This poem was published as the
Red Wheelbarrow Poem of the Week
for August 12th, 2015. It was inspired by
some downtime at the NYC Poetry Festival
on Governors Island.

Noodle Pudding

The boat in Danzig would leave on time.

My grandmother and her two cousins traveled overland,
away from the Polish-Russian war.

Away from running into the woods
with only crackers for food.

Far from seeing men killed in the streets.

A long journey from avoiding windows because
she might get shot.

In school, she was taught in Polish, Russian, or German,
depending on who held the land at the time.

Years before, her parents manufactured horse blankets for the Russian army.

In 1923, my grandmother met her father’s former employee
on a Brooklyn street (a small connection).

Letters sailed across the ocean; news traveled from the family until 1939.

Then silence.

Always silence.

For the holidays, my grandmother baked a noodle pudding, glorious in every way—
two types of raisins, eggs, farmer cheese,
made in a bundt pan, baked perfectly, sliced thick,
couldn’t eat it fast enough, always wanting more.

It helped to ease the silence.

——————————————————————–
This poem was originally published in
The Paterson Literary Review #43 2015-2016

They moved into the house across the street

They moved into the house across the street.
Chinese, I thought.
My wife thought they were Japanese.

Our grandkids were in the school play with their grandkids.
Our wives met when they helped set up the stage.
We were invited over.

Their house brought back memories of ’68 Da Nang,
the smells of the SVA guys cooking their rice dishes.

He asked me, was I in the war, and I told him about
a couple of firefights near Khe Sanh.

He said that he was stationed in Hanoi until ’67,
and then he commanded a couple of VC squads. He asked
if I was ok with that.

I took a deep breath. Just two guys talking.

It was a long time ago.

I offered him my hand.

——————————————————————–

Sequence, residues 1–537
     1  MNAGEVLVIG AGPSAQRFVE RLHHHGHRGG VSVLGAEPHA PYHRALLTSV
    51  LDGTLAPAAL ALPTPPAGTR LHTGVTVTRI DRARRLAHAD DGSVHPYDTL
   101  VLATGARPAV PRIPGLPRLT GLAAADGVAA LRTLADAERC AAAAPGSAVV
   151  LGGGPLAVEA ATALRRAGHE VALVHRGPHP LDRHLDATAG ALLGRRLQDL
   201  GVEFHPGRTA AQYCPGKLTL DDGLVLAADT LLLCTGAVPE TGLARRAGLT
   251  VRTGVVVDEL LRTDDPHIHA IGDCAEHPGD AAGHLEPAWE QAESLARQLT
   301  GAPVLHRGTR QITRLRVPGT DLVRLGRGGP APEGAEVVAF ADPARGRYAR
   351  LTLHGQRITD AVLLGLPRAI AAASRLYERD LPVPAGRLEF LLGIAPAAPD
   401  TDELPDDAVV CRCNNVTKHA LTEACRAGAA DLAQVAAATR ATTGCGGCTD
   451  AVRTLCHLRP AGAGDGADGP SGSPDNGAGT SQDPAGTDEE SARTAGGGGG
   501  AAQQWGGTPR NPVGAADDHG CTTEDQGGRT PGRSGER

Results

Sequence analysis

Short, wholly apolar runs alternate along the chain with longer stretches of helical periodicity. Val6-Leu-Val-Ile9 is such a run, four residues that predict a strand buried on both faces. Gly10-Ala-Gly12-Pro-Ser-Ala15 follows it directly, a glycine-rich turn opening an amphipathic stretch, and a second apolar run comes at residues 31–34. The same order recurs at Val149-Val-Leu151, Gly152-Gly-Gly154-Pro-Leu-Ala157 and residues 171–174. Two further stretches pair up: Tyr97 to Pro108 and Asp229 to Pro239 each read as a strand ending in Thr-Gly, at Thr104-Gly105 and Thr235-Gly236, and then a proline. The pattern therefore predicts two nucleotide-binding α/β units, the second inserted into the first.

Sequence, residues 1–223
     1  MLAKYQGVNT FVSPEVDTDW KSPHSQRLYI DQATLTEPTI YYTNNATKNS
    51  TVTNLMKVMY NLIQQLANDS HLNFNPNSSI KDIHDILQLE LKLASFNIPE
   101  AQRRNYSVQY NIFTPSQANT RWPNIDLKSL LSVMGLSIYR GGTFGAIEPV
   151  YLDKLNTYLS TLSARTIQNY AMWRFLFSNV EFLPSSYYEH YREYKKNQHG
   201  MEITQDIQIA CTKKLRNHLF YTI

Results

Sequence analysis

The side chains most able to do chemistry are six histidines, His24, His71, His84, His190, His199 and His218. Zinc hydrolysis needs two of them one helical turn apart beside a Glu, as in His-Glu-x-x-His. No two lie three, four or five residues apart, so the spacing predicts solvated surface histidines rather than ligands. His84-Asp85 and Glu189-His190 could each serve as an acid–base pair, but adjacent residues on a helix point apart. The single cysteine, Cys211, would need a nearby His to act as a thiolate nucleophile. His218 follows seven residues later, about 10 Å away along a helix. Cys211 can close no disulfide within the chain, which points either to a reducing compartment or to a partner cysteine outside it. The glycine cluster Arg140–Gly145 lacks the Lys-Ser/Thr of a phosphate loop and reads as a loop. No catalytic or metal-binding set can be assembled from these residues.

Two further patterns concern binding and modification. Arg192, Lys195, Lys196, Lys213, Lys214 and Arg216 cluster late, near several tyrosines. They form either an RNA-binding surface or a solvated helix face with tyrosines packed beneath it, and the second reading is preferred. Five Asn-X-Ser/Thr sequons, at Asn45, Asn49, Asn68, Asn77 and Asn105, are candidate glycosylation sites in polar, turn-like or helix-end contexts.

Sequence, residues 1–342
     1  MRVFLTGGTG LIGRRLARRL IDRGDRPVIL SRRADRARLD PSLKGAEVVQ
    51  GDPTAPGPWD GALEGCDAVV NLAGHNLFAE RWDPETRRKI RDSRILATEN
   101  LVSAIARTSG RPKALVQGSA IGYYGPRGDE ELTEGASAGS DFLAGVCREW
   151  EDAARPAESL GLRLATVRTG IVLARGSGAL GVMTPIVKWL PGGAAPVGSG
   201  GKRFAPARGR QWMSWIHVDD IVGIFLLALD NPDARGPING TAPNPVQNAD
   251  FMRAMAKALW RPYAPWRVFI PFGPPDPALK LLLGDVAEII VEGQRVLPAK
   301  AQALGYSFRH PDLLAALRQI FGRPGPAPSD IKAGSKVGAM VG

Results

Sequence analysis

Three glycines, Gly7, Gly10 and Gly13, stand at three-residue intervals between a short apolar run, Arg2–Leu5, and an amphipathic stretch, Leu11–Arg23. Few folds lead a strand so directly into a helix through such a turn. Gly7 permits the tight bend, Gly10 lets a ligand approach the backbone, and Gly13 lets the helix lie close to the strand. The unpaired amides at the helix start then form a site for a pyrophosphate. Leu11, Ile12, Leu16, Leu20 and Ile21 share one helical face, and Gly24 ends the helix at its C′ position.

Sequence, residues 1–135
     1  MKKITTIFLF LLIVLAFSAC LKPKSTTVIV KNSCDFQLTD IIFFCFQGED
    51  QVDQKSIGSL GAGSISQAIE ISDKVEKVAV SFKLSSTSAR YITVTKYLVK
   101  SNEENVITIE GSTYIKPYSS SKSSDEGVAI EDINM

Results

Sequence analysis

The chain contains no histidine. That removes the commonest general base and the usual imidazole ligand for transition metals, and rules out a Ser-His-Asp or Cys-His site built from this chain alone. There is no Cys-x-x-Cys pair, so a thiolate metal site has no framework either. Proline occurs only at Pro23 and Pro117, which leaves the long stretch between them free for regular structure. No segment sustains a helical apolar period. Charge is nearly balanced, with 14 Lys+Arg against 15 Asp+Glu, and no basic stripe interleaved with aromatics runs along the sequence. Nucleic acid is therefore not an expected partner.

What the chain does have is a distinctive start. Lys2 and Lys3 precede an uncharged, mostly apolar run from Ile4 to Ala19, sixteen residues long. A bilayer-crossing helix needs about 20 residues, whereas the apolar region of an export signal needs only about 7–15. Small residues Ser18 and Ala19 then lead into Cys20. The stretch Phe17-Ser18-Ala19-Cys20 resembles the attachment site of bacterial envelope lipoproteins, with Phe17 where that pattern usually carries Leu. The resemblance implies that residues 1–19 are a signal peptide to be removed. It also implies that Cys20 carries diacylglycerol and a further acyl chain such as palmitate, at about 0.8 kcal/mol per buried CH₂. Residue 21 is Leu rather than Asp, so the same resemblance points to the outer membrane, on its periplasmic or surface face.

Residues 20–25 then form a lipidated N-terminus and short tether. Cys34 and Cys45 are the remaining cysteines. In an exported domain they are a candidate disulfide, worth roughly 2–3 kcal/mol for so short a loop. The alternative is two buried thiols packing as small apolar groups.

This persona poem was originally published in
The Paterson Literary Review #43 2015-2016

In the Library at Poet’s House, NYC

This room, filled with chapbooks,
full-lengths, journals, analyses,
a million hours of concentrated work—
this room listens—
each tap, stroke, page turn.

The poets surrounding me do not.

He writes about lost opportunities,
she, damaged relationships,
this one, how the media filters and fragments him,
that one, daily grocery lists and candy wrappers.

I write of the here and now.

If I bang the keyboard,
they would startle—
might they then think of poetry’s roots,
a throat’s voice, sounded words,
hands moving for eyes and not paper,
how spoken volume interacts with pacing and rhythm?

How can you (yes, you) shout a rage-poem on stage,
yet casually write that same performance
as if pouring cream into coffee?

This is my offer.
Think about the unexpressed sounds in this room,
listening as the room itself does,
in exchange for this poem.

Apparently, and disappointingly,
with your casual acceptance of the ‘quiet’,
you have declined my offer.

No deal. Please put down the page.

————————————————-
(This poem was on a coffee table at Poet’s House)

Direction

My grandfather’s eldest brother, Sam,
a widower with three daughters,
had little understanding of girls.

The youngest was keeping company
with a boy for too long. My grandmother
asked them both to dinner.

During dessert, she asked his daughter,
So, you love him? You want to marry him?

Yes.

She asked the boyfriend,
So, you love her? You want to marry her?

Yes.

She picked up a calendar and placed it in front of them.
Pick a date.

— Published in The Rutherford Red Wheelbarrow #7 (2014)